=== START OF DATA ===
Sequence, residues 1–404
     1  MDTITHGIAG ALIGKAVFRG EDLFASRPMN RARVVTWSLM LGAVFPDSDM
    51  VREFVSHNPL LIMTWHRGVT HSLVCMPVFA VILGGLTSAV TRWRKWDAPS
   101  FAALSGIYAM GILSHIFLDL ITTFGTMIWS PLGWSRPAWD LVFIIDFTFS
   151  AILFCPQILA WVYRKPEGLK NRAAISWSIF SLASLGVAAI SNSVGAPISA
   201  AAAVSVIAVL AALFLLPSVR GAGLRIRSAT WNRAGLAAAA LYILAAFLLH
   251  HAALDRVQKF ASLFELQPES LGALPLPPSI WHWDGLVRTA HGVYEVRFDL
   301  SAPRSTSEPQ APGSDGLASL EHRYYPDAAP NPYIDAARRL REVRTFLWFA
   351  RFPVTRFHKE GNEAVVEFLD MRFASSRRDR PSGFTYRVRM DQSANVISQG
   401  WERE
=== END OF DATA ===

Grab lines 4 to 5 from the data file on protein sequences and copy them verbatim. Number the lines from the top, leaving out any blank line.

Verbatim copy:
   101  FAALSGIYAM GILSHIFLDL ITTFGTMIWS PLGWSRPAWD LVFIIDFTFS
   151  AILFCPQILA WVYRKPEGLK NRAAISWSIF SLASLGVAAI SNSVGAPISA